Egypt on edge as Christians bury dead from church attacks

Bombings at two Egyptian churches killed more than 36 people as they gathered to mark Palm Sunday, officials said, in one of the deadliest recent attacks on the country's Coptic Christians.

The jihadists have attacked Egyptian Coptic Christians before, but their campaign against the minority picked up in December with a Cairo church bombing that killed 29 people.

The Cabinet's approval came after President Abdel-Fattah al-Sisi in a brief television appearance Sunday announced the state of emergency for three months. At least 27 people reportedly died in a church bombing located in the northern city of Tanta while 18 civilians and four police officers were killed outside a Coptic church in Alexandria from a suicide bombing attack.

At least 49 people were killed in bombings at two churches in Tanta and Alexandria, the latest sectarian attacks one of the country's most imperiled religious minorities.

Bishop Angaelos, General Bishop of the Coptic Orthodox Church in the United Kingdom, mourned the "yet another targeted attack" upon Egypt's Christians "during what was meant to be a joyous day of families celebrating Palm Sunday".

Palm Sunday is among the holiest days on the Christian calendar, marking the triumphal entry of Jesus into Jerusalem, and churches traditionally draw big crowds.

ISIS claimed responsibility for the church bombings in Egyptian cities Alexandria and Tanta. The bomb was planted under a seat in the main prayer hall, according to Egyptian state media.

Women wailed as caskets marked with the word "martyr" were brought into the Mar Amina church in the coastal city of Alexandria, the footage broadcast on several Egyptian channels.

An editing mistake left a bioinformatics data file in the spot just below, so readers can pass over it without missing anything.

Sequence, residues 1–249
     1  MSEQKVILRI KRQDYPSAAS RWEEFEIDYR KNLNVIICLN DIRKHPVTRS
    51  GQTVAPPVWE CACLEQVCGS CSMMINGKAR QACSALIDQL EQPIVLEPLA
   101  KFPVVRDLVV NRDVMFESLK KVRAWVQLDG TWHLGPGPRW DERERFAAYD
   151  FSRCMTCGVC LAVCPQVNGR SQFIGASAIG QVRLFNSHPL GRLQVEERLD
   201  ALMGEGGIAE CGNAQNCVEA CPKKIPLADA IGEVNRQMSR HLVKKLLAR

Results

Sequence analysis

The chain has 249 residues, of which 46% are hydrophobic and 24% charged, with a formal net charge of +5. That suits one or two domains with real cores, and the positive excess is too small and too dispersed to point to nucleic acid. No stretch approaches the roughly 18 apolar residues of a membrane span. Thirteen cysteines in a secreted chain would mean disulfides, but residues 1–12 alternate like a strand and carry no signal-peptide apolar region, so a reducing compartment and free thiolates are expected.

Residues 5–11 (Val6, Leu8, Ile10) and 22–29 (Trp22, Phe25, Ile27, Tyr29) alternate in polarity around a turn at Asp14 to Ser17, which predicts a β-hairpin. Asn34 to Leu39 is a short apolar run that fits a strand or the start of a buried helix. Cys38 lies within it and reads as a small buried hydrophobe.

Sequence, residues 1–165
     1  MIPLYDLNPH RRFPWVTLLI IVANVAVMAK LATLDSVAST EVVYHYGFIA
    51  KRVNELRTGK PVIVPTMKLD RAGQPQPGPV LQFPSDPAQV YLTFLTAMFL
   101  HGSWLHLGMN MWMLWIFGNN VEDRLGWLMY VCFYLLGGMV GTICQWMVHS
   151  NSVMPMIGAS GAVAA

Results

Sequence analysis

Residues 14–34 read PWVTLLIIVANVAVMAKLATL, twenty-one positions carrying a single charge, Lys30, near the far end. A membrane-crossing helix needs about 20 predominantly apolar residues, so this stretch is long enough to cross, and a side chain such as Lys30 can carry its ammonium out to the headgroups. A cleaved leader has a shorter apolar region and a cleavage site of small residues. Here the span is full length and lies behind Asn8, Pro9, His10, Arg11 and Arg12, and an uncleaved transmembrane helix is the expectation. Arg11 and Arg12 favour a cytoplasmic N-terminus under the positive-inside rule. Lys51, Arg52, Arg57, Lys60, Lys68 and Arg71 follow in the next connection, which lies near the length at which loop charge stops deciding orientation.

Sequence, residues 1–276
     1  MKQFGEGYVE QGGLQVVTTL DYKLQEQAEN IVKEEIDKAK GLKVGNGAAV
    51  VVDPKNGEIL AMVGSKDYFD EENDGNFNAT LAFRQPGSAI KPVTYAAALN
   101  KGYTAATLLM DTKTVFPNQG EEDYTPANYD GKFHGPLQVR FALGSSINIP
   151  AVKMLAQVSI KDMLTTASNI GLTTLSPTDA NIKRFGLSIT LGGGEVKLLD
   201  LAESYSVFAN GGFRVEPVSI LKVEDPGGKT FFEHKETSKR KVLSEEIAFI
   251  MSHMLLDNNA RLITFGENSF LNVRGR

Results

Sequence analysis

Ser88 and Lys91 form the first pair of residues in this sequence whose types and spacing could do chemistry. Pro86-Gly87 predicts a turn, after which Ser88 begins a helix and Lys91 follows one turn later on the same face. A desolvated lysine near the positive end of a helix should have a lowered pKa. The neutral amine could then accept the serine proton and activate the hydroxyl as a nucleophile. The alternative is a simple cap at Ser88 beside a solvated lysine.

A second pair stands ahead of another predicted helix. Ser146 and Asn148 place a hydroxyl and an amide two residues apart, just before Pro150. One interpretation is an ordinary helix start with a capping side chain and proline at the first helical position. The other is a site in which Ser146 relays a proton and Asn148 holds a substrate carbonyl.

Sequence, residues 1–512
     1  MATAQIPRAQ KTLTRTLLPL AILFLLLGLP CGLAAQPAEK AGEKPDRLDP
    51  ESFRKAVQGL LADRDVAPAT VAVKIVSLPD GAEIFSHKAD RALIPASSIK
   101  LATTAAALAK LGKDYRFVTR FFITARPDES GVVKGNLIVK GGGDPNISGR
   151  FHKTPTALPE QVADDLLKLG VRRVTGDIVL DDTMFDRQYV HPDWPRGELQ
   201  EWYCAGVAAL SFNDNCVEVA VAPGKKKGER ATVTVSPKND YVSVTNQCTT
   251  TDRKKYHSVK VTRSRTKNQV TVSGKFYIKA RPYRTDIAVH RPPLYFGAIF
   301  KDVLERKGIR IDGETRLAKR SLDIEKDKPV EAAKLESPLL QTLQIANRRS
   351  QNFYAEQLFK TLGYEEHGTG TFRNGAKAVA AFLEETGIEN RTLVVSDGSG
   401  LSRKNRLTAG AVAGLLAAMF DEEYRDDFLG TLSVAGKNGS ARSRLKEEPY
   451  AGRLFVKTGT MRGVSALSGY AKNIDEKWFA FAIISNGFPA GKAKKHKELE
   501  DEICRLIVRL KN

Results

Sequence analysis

ISIS, which claimed responsibility, warned of more attacks in a statement. Copts, who make up about 10% of Egypt's 91 million residents, have been the target of increased persecution and discrimination since the toppling of Hosni Mubarak's regime in 2011. Christians joined hands in a circle around praying Muslims to protect them from regime forces and loyalists trying to break up the protest. Maher said he didn't recall any unusual movements, but other worshippers told him that they saw a man rushing inside the church before the explosion. "I didn't realize what's happening", he told CNN.

A US State Department report on the human rights situation in Egypt said security forces had used "killings and torture".

Thabet says despite the condemnation that greeted that attack, Sunday's bombings show terrorists are still able to operate in the same way; he says they are "still strong and becoming more experienced in conducting these attacks". Russia's President Vladimir Putin condemned the attacks and offered his condolences to Sisi, according to Russia's state-run Tass.

Egypt's Christian minority has often been targeted by Islamist militants.

In a mass at the Vatican Sunday, Pope Francis, who is scheduled to visit Egypt later this month, expressed "deep condolences" to "all of the dear Egyptian nation".